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Two more product recommendations:

Kaboom! which can be purchased at Wal-Mart or K-mart and CLR. (Buy the kind in the jug-- I don't like the spray as much.)

Kaboom! is good stuff. It also works great on tile where dirt gets ground into the grout. CLR is mostly for mineral deposits.
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  #8  
Old 01-09-2007, 09:14 AM
crazyjoe crazyjoe is offline
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I had a very similar problem on my old shower door. I tried CLR, lime-away, vinegar, muriatic acid, even a polishing compound and orbital buffer. If yours is like mine, it's just fricking ruined and there's nothing oyu can do except what I did, which was to replace the shower door. It wass part of a whole bathroom remodel, so it was planned anyhow. Now we squeegee off the new door after every shower and it's the "raindrop" patterned glass, so we haven't seen the problem return.
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  #9  
Old 01-09-2007, 11:11 AM
AskNott AskNott is offline
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Xanthous, those chemicals recommended above will probably do the job. If the stuff runs off before it has a chance to work, you can wet a paper towel with the cleaner and the wet paper will cling to the glass.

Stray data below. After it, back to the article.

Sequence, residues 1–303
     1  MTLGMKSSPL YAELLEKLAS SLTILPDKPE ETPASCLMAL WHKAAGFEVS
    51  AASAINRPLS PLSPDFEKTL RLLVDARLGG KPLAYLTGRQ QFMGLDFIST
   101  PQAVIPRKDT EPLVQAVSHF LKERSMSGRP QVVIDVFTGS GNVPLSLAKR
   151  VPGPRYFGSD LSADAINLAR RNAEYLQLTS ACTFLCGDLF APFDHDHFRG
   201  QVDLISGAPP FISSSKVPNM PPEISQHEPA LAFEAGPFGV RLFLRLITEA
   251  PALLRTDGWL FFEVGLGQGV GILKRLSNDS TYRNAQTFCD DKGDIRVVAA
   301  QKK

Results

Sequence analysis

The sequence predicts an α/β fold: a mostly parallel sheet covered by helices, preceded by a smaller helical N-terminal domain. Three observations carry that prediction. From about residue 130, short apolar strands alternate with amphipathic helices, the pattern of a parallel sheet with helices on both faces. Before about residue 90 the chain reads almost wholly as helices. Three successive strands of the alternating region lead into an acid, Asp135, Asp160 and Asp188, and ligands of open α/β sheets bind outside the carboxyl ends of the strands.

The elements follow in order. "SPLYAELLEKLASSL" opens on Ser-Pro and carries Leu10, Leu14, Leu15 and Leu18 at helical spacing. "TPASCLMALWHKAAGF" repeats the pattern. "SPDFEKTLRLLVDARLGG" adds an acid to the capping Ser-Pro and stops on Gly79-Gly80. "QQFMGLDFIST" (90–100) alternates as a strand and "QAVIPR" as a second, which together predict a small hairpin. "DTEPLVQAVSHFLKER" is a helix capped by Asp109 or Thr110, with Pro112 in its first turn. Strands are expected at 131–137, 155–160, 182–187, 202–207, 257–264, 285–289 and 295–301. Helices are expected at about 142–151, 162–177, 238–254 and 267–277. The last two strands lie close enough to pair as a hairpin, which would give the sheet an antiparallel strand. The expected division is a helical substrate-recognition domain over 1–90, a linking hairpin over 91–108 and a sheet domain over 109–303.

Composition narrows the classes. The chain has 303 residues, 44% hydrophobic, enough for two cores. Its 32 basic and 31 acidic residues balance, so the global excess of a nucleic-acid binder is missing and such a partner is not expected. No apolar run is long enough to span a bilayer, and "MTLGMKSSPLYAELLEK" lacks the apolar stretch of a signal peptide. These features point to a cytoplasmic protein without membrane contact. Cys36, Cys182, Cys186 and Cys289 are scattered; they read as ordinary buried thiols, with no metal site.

A razor blade scraper can speed up the job without scratching. If the previous owner scratched the glass with scouring powder or a harsh scrub pad, it will look bad even after you get all the soap scum off.
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  #10  
Old 01-09-2007, 11:16 AM
simster simster is offline
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Did you stop to think that maybe the glass isnt meant to be clear? that it is meant to be "frosty/slightly opaque" ?

ours is.

atleast that's my story, and I'm sticking to it.
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  #11  
Old 01-09-2007, 12:16 PM
teela brown teela brown is offline
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If it doesn't come off with regular scouring and scrubbing, it's not soap scum, it's hard water mineral deposit. The only thing that gets that stuff off is some sort of acid cleaner. Some have been mentioned upthread, but I found a product at pool supply stores called "De-Scale It". It's designed to get the hard water line off of the inside of tiled hot tubs, but it also works well to get hard water scale off of glass and bathroom tile. It also is the only stuff I've ever found that whitens stained grout.

Shower doors are notorious for accumulating hard water deposit. We have two bathrooms, but Mr. brown will not shower in the one which has a glass shower door. He knows that when it gets hard water spots, it's his job to clean it. So he showers in "my" bathroom, which has a shower curtain. It's easier to toss a $4 grubby shower curtain every other year than to de-scale a glass shower door! I'm thinking of having the glass door removed and replaced with a plain old shower curtain.
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  #12  
Old 01-09-2007, 12:30 PM
Bosda Di'Chi of Tricor Bosda Di'Chi of Tricor is offline
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Lemon Oil works wonders.

Give it a try.
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  #13  
Old 01-09-2007, 12:44 PM
Beadalin Beadalin is offline